Permanent Open Market Operations (POMO)

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Paul Tracy

Paul has been a respected figure in the financial markets for more than two decades.

Prior to starting InvestingAnswers, Paul founded and managed one of the most influential investment research firms in America, with more than 2 million monthly readers. While there, Paul authored and edited thousands of financial research briefs, was published on Nasdaq. com, Yahoo Finance, and dozens of other prominent media outlets, and appeared as a guest expert at prominent radio shows and i...

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Updated September 30, 2020

What are Permanent Open Market Operations (POMO)?

Permanent open market operations (POMO) are used by the Federal Reserve to either add to or drain the capital reserves available in the banking system.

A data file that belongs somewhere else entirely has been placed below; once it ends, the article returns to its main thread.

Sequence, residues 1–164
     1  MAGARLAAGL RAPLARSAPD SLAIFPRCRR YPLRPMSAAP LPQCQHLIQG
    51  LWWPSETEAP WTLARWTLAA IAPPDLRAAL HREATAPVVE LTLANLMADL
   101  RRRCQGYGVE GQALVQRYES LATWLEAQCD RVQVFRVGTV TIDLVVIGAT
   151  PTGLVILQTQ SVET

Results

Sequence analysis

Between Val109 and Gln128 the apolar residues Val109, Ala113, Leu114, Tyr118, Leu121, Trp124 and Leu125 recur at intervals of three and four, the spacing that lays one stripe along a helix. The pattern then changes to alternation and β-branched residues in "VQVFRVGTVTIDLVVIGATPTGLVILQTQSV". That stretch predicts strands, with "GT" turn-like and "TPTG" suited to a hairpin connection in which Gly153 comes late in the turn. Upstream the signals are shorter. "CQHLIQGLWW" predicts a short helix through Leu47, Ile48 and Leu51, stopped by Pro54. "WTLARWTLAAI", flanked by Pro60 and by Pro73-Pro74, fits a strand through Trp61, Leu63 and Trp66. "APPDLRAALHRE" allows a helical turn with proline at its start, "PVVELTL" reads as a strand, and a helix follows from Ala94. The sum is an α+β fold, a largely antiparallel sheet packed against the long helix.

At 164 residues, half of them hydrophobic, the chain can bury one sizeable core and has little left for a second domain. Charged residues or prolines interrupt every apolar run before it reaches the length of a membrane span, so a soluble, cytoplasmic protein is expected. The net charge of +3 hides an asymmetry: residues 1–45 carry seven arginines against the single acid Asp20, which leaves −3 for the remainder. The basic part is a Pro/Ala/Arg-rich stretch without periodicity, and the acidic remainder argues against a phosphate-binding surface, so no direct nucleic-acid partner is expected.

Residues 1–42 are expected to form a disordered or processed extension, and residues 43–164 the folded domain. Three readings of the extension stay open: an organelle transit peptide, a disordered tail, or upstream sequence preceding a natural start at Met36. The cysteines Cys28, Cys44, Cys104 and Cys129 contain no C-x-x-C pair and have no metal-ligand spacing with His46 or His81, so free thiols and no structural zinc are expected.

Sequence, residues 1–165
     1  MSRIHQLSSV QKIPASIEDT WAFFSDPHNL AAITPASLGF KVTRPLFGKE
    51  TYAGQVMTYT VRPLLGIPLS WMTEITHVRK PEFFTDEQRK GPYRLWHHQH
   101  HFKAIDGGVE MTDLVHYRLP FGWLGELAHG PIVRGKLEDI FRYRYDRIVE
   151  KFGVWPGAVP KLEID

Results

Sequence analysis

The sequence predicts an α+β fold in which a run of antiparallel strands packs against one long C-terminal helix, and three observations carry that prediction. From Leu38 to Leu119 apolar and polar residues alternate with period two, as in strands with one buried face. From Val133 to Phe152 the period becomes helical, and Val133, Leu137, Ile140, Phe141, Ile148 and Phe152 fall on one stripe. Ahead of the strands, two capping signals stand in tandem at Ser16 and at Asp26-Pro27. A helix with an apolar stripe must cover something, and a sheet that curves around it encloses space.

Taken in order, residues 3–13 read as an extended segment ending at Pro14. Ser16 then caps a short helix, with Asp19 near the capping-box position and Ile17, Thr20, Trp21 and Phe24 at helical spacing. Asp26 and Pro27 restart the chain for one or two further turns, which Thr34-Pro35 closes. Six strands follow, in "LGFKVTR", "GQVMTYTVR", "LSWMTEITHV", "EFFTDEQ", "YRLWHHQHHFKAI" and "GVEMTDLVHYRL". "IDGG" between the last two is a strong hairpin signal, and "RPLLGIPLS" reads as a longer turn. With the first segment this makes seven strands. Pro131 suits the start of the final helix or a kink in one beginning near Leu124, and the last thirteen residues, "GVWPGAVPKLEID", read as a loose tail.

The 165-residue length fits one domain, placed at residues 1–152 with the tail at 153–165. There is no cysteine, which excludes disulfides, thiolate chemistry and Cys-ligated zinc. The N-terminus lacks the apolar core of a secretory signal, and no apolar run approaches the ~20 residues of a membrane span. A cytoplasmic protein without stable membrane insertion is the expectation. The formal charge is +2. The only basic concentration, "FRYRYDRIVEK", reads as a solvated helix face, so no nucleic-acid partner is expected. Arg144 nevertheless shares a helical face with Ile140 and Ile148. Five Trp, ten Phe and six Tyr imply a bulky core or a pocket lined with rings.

How Do Permanent Open Market Operations (POMO) Work?

If the Federal Reserve wants to increase the amount of capital available to the banking system, it will buy Treasury securities from banks in exchange for Federal Reserve Notes (aka, cash dollars). Theoretically, the banking system will then inject cash into the economy through loans.

Conversely, if the Federal Reserve wants to decrease the amount of capital avaiable to the banking system, it will sell Treasury securities to banks. This removes cash from the economy.

Why Do Permanent Open Market Operations (POMO) Matter?

The Federal Reserve uses POMOs as a tool to promote what it sees as "favorable" market conditions. If The Fed is a buyer of Treasury securities, the price of Treasuries goes up and their yield goes down. The yield on Treasury securities is the starting point for interest rates on the vast majority of loans, so if Treasury yields go down, interest rates on loans go down (and vice versa).

The Fed is currently using POMOs to depress interest rates in the hopes an increase in lending will jumpstart the U.S. economy.

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